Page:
In this post, we’ll discuss how using binary logs make MySQL 5.7 slower than 5.6.
Researching a performance issue, we came to a startling discovery:
MySQL 5.7 + binlogs is by default 37-45% slower than MySQL 5.6 + binlogs, when everything is otherwise c to the MySQL default settings.
Test server MySQL versions used:
i7, 8 threads, SSD, Centos 7.2.1511
Sysbench version 0.5, 4 threads, socket file connection
sysbench --test=/usr/share/doc/sysbench/tests/db/parallel_prepare.lua --oltp-auto-inc=off --mysql-engine-trx=yes --mysql-table-engine=innodb --oltp_table_size=1000000 --oltp_tables_count=1 --mysql-db=test --mysql-user=root --db-driver=mysql --mysql-socket=/path_to_socket_file/your_socket_file.sock prepare
sysbench --report-interval=10 --oltp-auto-inc=off --max-time=50 --max-requests=0 --mysql-engine-trx=yes --test=/usr/share/doc/sysbench/tests/db/oltp.lua --init-rng=on --oltp_index_updates=10 --oltp_non_index_updates=10 --oltp_distinct_ranges=15 --oltp_order_ranges=15 --oltp_tables_count=1 --num-threads=4 --oltp_table_size=1000000 --mysql-db=test --mysql-user=root --db-driver=mysql --mysql-socket=/path_to_socket_file/your_socket_file.sock run
5.6.30: transactions: 7483 (149.60 per sec.)
5.7.12: transactions: 4689 (93.71 per sec.) — That is a 37.36% decrease!
Note: on high-end systems with premium IO (think Fusion-IO, memory-only, high-end SSD with good caching throughput), the difference would be much smaller or negligible.
A helpful comment from Shane Bester on a related bug report made me realize what was happening. Note the following in the MySQL Manual:
“Prior to MySQL 5.7.7, the default value of
sync_binlogwas 0, which configures no synchronizing to disk—in this case, the server relies on the operating system to flush the binary log’s contents from time to time as for any other file. MySQL 5.7.7 and later use a default value of 1, which is the safest choice, but as noted above can impact performance.” — https://dev.mysql.com/doc/refman/5.7/en/replication-options-binary-log.html#sysvar_sync_binlog
The culprit is thus the --sync_binlog=1 change which was made in 5.7.7 (in 5.6 it is 0 by default). While this may indeed be “the safest choice,” one has to wonder why Oracle chose to implement this default change in 5.7.7. After all, there are many other options to aid crash safety.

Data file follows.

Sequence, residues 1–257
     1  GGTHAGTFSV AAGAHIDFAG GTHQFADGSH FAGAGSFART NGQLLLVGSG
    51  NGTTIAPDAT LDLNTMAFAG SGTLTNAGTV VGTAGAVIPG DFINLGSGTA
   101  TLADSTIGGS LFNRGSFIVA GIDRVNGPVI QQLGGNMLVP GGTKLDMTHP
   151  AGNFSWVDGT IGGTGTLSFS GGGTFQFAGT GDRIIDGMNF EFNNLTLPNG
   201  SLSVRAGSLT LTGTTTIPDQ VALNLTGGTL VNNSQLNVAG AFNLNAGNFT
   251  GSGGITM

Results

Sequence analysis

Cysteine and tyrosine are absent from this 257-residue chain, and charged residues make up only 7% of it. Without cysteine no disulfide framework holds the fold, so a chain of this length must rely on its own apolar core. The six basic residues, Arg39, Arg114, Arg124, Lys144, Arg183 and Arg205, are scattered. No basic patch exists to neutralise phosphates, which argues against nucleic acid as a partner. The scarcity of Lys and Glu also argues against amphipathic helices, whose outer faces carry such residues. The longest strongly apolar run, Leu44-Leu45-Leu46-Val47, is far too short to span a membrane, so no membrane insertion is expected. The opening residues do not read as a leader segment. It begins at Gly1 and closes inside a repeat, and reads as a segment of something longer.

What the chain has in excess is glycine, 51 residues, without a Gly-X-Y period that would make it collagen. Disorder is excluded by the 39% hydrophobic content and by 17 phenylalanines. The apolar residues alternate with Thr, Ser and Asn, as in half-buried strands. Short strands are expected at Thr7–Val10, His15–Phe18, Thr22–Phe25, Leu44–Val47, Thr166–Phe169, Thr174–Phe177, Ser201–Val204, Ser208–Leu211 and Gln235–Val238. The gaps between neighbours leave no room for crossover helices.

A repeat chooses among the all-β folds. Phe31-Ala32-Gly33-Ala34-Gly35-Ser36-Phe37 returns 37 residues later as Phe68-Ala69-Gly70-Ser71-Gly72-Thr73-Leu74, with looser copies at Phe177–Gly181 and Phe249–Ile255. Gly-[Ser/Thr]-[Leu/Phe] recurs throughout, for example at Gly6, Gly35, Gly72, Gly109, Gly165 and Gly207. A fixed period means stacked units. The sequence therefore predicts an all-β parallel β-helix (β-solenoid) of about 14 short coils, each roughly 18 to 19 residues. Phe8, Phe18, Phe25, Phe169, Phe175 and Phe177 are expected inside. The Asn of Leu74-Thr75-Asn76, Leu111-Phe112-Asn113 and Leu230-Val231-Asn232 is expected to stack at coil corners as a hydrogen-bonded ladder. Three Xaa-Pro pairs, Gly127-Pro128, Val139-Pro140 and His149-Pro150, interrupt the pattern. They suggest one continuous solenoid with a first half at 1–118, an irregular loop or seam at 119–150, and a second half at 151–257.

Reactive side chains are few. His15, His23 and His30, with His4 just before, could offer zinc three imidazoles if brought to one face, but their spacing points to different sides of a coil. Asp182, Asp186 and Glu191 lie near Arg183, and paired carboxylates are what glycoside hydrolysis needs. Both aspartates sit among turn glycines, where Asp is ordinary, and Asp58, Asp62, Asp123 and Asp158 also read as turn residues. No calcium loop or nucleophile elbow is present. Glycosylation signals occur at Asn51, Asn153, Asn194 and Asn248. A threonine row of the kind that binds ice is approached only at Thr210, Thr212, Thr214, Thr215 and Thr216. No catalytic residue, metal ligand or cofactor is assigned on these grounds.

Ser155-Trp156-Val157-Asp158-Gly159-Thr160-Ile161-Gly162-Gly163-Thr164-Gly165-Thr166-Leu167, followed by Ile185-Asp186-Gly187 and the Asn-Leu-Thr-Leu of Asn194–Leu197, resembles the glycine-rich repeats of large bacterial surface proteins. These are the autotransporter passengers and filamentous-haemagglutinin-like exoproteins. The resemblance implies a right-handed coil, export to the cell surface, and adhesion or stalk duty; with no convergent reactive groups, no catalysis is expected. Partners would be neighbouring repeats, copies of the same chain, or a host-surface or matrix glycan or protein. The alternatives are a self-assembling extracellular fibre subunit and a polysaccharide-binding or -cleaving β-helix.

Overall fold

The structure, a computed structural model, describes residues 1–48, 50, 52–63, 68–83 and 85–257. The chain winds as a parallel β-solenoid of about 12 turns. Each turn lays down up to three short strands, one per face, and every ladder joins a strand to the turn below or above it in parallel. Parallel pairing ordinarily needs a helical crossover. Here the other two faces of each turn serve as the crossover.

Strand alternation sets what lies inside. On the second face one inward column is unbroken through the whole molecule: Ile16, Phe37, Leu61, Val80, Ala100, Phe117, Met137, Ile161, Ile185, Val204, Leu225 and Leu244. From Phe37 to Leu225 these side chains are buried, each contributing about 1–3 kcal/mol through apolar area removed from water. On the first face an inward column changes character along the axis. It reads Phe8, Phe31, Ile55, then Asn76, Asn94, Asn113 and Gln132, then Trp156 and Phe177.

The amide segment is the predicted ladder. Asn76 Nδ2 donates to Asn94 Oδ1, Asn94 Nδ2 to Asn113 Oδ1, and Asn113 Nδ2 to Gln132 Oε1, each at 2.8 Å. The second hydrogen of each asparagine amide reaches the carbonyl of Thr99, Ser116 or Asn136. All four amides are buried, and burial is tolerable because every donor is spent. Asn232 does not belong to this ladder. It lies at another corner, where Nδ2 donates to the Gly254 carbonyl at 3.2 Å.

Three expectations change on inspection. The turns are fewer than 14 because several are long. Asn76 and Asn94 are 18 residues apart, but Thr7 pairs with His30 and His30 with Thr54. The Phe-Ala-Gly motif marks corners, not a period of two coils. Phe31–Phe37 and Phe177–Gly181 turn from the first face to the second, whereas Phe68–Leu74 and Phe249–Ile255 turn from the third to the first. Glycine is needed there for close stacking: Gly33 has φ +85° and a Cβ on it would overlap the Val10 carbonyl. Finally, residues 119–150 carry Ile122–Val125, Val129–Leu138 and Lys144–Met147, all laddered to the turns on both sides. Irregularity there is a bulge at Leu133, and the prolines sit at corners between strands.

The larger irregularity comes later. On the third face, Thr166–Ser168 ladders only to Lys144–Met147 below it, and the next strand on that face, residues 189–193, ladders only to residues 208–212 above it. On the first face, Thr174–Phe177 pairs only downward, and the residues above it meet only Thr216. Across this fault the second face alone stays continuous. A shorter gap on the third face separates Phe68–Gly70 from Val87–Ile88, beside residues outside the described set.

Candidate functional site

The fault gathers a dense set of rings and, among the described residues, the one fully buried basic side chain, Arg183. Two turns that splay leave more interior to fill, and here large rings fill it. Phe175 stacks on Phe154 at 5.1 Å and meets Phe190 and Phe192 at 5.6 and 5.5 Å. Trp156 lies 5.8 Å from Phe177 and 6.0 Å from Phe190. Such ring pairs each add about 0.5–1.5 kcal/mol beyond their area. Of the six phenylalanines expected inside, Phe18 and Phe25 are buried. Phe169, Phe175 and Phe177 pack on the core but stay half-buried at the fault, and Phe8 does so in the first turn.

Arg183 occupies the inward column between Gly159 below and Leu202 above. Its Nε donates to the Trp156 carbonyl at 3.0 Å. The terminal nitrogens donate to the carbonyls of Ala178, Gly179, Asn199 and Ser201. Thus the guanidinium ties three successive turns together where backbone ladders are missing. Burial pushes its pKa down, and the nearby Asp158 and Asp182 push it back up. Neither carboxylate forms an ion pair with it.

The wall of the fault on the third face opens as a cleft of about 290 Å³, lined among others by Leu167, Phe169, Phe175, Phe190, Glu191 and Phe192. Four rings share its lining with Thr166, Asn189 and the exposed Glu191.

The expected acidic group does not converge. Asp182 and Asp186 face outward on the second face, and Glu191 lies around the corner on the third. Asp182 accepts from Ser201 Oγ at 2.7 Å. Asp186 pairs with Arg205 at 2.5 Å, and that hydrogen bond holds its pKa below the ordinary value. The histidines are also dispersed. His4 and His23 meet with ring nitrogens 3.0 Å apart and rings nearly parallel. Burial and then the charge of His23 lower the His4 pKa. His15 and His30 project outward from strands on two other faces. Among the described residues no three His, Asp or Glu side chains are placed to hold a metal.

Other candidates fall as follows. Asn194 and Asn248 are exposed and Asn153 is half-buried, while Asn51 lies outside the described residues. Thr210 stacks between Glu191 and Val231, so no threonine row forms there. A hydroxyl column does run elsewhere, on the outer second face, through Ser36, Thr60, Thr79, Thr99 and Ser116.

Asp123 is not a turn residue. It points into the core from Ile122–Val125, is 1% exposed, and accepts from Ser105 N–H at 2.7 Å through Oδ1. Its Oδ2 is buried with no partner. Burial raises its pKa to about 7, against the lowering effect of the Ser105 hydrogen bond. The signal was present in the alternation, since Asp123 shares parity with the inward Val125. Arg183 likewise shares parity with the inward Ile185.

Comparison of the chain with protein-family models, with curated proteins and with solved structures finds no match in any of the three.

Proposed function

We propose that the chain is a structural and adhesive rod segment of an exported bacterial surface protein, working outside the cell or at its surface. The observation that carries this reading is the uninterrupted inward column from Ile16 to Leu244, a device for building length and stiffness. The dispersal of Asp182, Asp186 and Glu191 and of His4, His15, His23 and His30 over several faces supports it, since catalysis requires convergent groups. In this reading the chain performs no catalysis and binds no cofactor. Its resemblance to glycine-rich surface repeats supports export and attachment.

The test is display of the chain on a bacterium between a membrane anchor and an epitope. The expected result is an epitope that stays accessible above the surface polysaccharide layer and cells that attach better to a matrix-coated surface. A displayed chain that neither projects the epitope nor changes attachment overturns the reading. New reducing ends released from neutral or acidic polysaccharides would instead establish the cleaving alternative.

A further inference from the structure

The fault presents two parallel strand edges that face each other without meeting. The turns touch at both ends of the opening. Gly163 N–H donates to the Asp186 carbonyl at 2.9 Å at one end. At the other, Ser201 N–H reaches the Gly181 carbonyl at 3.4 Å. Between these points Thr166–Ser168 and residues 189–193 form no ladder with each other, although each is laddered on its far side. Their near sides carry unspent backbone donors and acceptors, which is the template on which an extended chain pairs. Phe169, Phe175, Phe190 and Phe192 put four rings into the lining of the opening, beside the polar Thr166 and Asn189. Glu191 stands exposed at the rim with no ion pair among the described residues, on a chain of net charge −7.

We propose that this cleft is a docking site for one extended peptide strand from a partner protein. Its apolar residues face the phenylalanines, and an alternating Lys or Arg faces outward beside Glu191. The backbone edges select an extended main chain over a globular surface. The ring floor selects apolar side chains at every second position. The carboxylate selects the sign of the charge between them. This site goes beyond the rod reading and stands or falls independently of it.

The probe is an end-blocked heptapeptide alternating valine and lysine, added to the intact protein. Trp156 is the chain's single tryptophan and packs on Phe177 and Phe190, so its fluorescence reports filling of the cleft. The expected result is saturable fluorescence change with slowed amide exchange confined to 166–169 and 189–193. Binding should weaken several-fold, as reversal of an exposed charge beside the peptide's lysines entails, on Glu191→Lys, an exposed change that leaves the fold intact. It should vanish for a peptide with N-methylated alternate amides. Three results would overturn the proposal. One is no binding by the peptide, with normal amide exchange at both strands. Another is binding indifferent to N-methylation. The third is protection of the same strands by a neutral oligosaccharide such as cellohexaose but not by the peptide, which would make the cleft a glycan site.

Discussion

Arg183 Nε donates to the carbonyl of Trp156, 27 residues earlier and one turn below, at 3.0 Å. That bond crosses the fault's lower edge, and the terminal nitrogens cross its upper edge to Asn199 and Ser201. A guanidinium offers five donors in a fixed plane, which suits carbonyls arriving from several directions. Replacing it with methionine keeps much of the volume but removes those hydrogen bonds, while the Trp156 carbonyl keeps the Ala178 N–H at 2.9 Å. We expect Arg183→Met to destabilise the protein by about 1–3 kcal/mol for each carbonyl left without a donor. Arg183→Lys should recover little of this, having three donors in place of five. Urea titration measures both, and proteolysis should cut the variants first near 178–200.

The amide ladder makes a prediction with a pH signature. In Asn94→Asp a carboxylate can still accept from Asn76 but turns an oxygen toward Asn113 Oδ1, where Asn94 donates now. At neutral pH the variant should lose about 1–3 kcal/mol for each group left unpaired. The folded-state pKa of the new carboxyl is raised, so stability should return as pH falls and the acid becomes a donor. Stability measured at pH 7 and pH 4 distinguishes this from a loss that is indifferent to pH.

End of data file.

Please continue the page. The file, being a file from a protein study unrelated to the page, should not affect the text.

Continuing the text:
A related blog post from the MySQL HA team states;
“Indeed, [with sync_binlog=1,] it increases the total number of fsyncs called, but since MySQL 5.6, the server groups transactions and fsync’s them together, which minimizes greatly a potential performance hit.” — http://mysqlhighavailability.com/replication-defaults-in-mysql-5-7-7/ (ref item #4)
This seems incorrect given our findings, unless perhaps it requires tuning some other option.
This raises some actions points/questions for Oracle’s team: why change this now? Was 5.6 never crash-safe in terms of binary logging? How about other options that aid crash safety? Is anything [before 5.7.7] really ACID compliant by default?
In 2009 my colleague Peter Zaitsev had already posted on performance matters in connection with sync_binlog issues. More than seven years later, the questions asked in his post may still be valid today:
“May be opening binlog with O_DSYNC flag if sync_binlog=1 instead of using fsync will help? Or may be binlog pre-allocation would be good solution.” — PZ
Testing the same setup again, but this time with sync_binlog=0 and sync_binlog=1 synchronized/setup on both servers, we see;
Results for sync_binlog=0:
5.6.30: transactions: 7472 (149.38 per sec.)
5.7.12: transactions: 6594 (131.86 per sec.) — A 11.73% decrease
Results for sync_binlog=1:
5.6.30: transactions: 3854 (77.03 per sec.)
5.7.12: transactions: 4597 (91.89 per sec.) — A 19.29% increase
Note: the increase here is to some extent negated by the fact that enabling sync_binlog is overall still causes a significant (30% on 5.7 and 48% on 5.6) performance drop. Also interesting is that this could be the effect of “tuning the defaults” of/in 5.7, and it also makes one think about the possibility o further defaults tuning/optimization in this area.
Results for sync_binlog=100:
5.6.30: transactions: 7564 (151.12 per sec.)
5.7.12: transactions: 6515 (130.22 per sec.) — A 13.83% decrease
Thus, while 5.7.12 made some improvements when it comes to --sync_binlog=1, when --sync_binlog is turned off or is set to 100, we still see a ~11% decrease in performance. This is the same when not using binary logging at all, as a test with only --no-defaults (i.e. 100% vanilla out-of-the-box MySQL 5.6.30 versus MySQL 5.7.12) shows;
Results without binlogs enabled:
5.6.30: transactions: 7891 (157.77 per sec.)
5.7.12: transactions: 6963 (139.22 per sec.) — A 11.76% decrease
This raises another question for Oracle’s team: with four threads, there is a ~11% decrease in performance for 5.7.12 versus 5.6.30 (both vanilla)?
Discussing this internally, we were interested to see whether the arbitrary low number of four threads skewed the results and perhaps only showed a less realistic use case. However, testing with more threads, the numbers became worse still:
Results with 100 threads:
5.6.30. transactions: 20216 (398.89 per sec.)
5.7.12. transactions: 11097 (218.43 per sec.) — A 45.24% decrease
Results with 150 threads:
5.6.30. transactions: 11852 (233.01 per sec.)
5.7.12. transactions: 6606 (129.80 per sec.) — A 44.29% decrease
The findings in this article were compiled from a group effort.